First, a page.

Claim Eight: Howard's trial counsel was constitutionally ineffective for failing to cross-examine Lavita regarding her testimony that she observed Howard kick in the front door, contrary to the police report stating that the police had to break down the door to enter the crime scene, and Howard's appellate counsel was constitutionally ineffective for failing to raise the ineffectiveness of trial counsel in this regard as an issue on direct appeal.

LEGAL STANDARD

Under 28 U.S.C. § 2254, an individual in custody pursuant to a state court judgment may petition a federal district court for a writ of habeas corpus "on the ground that he [or she] is in custody in violation of the Constitution or laws or treaties of the United States." 28 U.S.C. § 2254(a). As noted by the Seventh Circuit, however, "[f]ederal habeas relief from a state-court criminal judgment is not easy to come by." Kamlager v. Pollard, 715 F.3d 1010, 1015 (7th Cir. 2013) (quoting Thompkins v. Pfister, 698 F.3d 976, 983 (7th Cir. 2012)).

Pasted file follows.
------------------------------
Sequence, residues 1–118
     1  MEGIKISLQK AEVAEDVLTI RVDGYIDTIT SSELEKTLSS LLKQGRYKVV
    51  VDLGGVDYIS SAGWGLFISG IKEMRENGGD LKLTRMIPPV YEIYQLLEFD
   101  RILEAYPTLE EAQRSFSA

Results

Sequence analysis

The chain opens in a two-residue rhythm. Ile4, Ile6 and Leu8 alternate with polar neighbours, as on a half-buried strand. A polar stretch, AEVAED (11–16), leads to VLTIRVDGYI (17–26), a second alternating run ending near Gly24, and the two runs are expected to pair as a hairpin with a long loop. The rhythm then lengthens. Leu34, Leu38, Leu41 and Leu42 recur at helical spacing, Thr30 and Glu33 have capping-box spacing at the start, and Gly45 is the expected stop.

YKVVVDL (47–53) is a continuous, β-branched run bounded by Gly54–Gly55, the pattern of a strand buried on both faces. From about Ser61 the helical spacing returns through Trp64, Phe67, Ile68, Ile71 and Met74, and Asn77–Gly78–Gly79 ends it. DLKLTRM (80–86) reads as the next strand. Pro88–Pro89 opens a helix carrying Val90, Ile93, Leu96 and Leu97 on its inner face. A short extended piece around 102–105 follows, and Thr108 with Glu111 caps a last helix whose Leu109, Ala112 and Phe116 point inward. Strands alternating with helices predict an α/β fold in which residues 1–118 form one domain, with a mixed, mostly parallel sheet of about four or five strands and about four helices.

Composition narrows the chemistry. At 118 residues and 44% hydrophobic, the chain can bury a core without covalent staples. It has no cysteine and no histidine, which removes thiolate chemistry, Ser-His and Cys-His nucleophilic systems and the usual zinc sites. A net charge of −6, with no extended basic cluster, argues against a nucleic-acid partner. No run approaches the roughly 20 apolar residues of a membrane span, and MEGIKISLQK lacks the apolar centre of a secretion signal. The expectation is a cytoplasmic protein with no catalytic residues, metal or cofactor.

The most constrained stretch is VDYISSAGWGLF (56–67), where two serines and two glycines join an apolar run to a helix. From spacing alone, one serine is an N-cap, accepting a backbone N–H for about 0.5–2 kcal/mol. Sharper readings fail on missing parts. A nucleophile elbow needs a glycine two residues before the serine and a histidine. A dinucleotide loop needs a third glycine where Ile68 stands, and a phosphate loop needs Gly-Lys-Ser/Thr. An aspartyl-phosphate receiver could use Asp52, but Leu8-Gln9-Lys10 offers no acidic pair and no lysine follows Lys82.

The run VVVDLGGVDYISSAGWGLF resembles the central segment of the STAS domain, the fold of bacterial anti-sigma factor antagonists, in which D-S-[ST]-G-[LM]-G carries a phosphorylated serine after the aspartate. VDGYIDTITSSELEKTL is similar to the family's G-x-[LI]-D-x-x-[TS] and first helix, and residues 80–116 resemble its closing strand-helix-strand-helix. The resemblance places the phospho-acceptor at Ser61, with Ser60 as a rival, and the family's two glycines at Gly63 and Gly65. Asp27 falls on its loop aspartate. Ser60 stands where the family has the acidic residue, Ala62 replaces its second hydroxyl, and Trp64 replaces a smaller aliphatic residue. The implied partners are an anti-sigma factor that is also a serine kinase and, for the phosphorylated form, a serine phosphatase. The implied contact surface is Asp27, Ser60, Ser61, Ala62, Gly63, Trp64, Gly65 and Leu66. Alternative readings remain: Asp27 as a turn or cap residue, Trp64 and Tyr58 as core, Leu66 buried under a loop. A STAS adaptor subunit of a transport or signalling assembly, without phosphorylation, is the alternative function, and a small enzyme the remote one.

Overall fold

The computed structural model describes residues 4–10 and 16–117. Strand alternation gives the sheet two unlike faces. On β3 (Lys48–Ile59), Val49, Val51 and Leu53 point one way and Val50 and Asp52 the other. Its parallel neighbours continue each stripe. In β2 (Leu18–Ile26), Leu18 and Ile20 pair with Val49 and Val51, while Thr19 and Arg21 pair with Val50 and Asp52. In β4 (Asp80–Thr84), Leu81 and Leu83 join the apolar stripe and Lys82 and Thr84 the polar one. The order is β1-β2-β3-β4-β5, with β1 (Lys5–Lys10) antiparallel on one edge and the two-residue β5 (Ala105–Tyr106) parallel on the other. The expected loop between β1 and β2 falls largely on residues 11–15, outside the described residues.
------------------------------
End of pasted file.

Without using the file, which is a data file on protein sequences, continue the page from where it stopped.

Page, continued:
Relevant to Howard's § 2254 petition, the Antiterrorism and Effective Death Penalty Act ("AEDPA") "requires state prisoners seeking a federal writ of habeas corpus to exhaust available state remedies." Bolton v. Akpore, 730 F.3d 685, 694 (7th Cir. 2013) (citing 28 U.S.C. § 2254(b)(1)). Additionally, if "the habeas petitioner has failed to fairly present to the state courts the claim on which he [or she] seeks relief in federal court and the opportunity to raise that claim in state court has passed, the petitioner has procedurally defaulted that claim" and it cannot be presented as grounds for federal habeas relief. Perruquet v. Briley, 390 F.3d 505, 514 (7th Cir. 2004). As explained by the Seventh Circuit in Bolton,